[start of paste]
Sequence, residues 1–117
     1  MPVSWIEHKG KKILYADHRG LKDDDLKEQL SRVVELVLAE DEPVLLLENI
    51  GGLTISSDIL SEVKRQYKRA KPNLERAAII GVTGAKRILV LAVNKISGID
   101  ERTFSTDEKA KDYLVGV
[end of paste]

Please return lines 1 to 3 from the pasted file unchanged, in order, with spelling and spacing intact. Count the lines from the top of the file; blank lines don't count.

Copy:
Sequence, residues 1–117
     1  MPVSWIEHKG KKILYADHRG LKDDDLKEQL SRVVELVLAE DEPVLLLENI
    51  GGLTISSDIL SEVKRQYKRA KPNLERAAII GVTGAKRILV LAVNKISGID